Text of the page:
3-Series (E21, E30)Chat relating to the BMW 3-Series from 1975-1983 and 1984-1991 line. Specific models: BMW 315, BMW 316, BMW 318, BMW 318i, BMW 320/4, BMW 320i, BMW 320/6, BMW 323i, BMW 320i. E30 Family models include: BMW 325e, BMW 325i, BMW 325is, BMW 325ix.
Hey guys, I lost my owners manual and I need to change my oil, and I was wondering what type of oil i should use. I think last time i changed it I used either 5W-30 or 10W-40, do either of those sound right? I live in Texas if that changes the answer because of temperatures and what not. I have a 1988 BMW 325iS.
I'm use Castrol GTX 10w40
BimmerDoc says use 20W50 year round here in San Diego (like Texas?)
I'm looking to switch to synthetic, not sure what yet.
I'd like to get some more feedback.
I'm leaning toward Mobil 1, seems to be popular here for E30's and readily available?
I think Walmart even carries it LOL
Lubro molly Voll-Synthese
'87 325is Delphin Metalic
Amsoil is the best, mobil, then castrol. Synthetics are better but costly, I also use castrol gtx 10w40, but change it every 3500 miles. I've used mobil 1 in my other bmw and changed it every 6000 with a filter change at 3000.
This should fill the void:
Mineral or synthetic?
Mineral oils are based on oil that comes from dear old Mother Earth which has been refined. Synthetic oils are entirely concocted by chemists wearing white lab coats in oil company laboratories. The only other type is semi-synthetic, sometimes called premium, which is a blend of the two. It is safe to mix the different types, but it's wiser to switch completely to a new type rather than mixing.
Despite their name, most synthetic derived motor oils (ie Mobil 1, Castrol Formula RS etc ) are actually derived from mineral oils - they are mostly Polyalphaolifins and these come from the purest part of the mineral oil refraction process, the gas. PAO oils will mix with normal mineral oils which means Joe public can add synthetic to his mineral, or mineral to his synthetic without his car engine seizing up. The most stable bases are polyol-ester (not polyester, you fool). When I say 'stable' I mean 'less likely to react adversely with other compounds.' Synthetic oil bases tend not to contain reactive carbon atoms for this reason. Reactive carbon has a tendency to combine with oxygen creating an acid. As you can imagine, in an oil, this would be A Bad Thing. So think of synthetic oils as custom-built oils. They're designed to do the job efficiently but without any of the excess baggage that can accompany mineral based oils.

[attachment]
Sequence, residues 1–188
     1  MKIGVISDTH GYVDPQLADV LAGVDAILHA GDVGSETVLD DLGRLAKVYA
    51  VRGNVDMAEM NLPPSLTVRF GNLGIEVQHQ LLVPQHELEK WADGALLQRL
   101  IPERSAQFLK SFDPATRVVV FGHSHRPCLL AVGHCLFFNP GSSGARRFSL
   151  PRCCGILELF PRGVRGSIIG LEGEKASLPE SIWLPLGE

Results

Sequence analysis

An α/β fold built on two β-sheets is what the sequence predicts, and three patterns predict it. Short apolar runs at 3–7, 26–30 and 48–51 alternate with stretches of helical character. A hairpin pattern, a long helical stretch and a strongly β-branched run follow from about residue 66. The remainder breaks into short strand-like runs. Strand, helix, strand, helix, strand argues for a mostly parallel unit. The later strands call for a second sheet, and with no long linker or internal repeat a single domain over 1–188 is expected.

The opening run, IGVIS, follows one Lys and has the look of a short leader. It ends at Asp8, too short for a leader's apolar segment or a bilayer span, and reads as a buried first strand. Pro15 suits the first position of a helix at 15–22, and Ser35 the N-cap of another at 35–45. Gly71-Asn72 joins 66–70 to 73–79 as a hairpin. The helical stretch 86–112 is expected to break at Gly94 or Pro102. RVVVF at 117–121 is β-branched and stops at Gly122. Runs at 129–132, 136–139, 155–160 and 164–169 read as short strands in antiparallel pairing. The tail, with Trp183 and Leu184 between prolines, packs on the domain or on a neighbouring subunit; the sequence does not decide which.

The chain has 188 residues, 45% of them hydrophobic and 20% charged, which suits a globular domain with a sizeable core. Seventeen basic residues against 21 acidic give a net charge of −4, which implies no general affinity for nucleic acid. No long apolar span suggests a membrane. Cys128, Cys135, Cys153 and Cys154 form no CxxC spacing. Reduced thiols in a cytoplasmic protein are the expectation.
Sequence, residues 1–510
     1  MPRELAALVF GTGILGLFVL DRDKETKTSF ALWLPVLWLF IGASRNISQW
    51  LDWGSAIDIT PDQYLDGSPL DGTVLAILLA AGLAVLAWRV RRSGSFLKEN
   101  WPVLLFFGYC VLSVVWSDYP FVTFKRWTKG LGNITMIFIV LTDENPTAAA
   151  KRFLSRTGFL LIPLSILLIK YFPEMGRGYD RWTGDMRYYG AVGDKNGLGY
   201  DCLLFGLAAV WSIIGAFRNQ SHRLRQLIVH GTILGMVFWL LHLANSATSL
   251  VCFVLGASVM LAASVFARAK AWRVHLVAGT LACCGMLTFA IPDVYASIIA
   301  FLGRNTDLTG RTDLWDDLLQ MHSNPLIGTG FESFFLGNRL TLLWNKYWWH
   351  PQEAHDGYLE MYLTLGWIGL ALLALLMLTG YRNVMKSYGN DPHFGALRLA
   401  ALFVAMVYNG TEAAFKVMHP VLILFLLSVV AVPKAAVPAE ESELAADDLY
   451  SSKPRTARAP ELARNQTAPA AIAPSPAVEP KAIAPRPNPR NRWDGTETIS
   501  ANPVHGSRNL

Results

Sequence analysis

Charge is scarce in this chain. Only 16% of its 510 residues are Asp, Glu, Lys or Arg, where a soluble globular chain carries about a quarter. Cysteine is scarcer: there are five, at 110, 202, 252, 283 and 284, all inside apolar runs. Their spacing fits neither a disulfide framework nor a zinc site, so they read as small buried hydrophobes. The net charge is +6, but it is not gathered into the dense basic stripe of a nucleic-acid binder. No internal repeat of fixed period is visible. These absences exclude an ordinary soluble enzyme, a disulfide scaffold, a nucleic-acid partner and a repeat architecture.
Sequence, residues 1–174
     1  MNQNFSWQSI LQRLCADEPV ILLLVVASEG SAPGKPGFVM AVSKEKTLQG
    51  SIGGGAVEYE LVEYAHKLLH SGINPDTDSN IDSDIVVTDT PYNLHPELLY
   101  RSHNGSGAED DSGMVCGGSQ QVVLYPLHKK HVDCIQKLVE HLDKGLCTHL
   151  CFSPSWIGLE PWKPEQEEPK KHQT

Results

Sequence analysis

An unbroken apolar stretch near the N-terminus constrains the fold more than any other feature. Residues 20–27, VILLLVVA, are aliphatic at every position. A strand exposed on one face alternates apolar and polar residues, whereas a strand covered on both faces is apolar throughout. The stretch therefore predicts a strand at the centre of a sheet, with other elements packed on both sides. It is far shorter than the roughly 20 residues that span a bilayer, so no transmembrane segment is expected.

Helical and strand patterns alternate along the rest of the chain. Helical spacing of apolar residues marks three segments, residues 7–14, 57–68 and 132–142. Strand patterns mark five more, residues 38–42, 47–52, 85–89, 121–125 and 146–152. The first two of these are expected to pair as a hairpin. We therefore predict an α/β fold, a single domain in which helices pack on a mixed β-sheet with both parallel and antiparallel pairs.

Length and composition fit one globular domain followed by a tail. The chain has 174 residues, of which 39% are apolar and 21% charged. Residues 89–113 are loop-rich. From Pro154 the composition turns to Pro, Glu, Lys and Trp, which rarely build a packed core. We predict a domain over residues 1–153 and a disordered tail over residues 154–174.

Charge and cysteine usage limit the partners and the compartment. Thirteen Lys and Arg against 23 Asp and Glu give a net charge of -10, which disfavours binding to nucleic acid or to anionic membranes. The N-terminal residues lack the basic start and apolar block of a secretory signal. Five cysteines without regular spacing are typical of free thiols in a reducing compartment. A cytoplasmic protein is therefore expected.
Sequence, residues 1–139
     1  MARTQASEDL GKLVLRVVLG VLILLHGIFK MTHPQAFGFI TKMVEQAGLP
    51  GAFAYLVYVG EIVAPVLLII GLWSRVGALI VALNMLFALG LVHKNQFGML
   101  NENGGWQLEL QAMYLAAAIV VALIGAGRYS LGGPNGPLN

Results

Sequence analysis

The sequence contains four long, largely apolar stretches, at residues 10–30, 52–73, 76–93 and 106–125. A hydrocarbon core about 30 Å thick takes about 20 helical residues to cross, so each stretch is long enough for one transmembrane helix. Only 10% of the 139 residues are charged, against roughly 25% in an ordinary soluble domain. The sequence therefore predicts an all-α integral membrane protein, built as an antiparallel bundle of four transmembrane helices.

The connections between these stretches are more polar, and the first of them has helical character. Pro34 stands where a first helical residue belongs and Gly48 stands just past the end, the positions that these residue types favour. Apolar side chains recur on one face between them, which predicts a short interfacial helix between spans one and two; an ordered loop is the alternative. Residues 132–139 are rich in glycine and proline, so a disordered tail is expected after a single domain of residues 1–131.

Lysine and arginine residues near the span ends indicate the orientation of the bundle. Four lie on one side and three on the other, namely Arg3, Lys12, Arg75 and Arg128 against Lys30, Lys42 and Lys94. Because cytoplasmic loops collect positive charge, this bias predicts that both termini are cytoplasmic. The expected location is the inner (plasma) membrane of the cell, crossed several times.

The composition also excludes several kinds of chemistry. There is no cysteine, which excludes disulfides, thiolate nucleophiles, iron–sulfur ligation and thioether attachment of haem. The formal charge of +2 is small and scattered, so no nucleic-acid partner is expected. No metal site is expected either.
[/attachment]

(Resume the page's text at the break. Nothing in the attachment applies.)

Pure synthetic oils (polyalkyleneglycol) are the types used almost exclusively within the industrial sector in polyglycol gearbox oils for heavily loaded gearboxes. These are typically concocted by intelligent blokes in white lab coats. These chaps break apart the molecules that make up a variety of substances, like vegetable and animal oils, and then recombine the individual atoms that make up those molecules to build new, synthetic molecules. This process allows the chemists to actually "fine tune" the molecules as they build them. Clever stuff. But Polyglycols don't mix with normal mineral oils.
Amsoil do NOT produce or market oil additives and do not wish to be associated with oil additives. They are a formulator of synthetic lubricants for automotive and industrial applications and have been in business for 30+ years. They are not a half-hour infomercial or fly-by-night product, nor have they ever been involved in a legal suit regarding their product claims in that 30+ year span. Many Amsoil products are API certified, and ALL of our products meet and in most cases exceed the specifications of ILSAC, AGMA etc..... Their lubricants also exceed manufacturers specifications and Amsoil are on many manufacturers approval lists. They base their claims on ASTM certified tests and are very open to anyone, with nothing to hide.
So if you have the $$$ I would advise the use of Amsoil in any BMW and change it every 8000 miles with a filter change every 4000.
And again I NEVER advise or recommend the use of any oil additives in any form....
you like the amsoil eh? just thought of it as overpriced mobil 1 lol i notice no difference except the price with amsoil and mobil 1
I don't "like" amsoil, mostly from its cost, but I can't deny what I have found first hand useing it, plain and simple its performance is exemplary. I may put out $90 (cost for oil only) for an oil change useing amsoil in a freshly rebuilt M70, but not in a 250,000+ mile M20.
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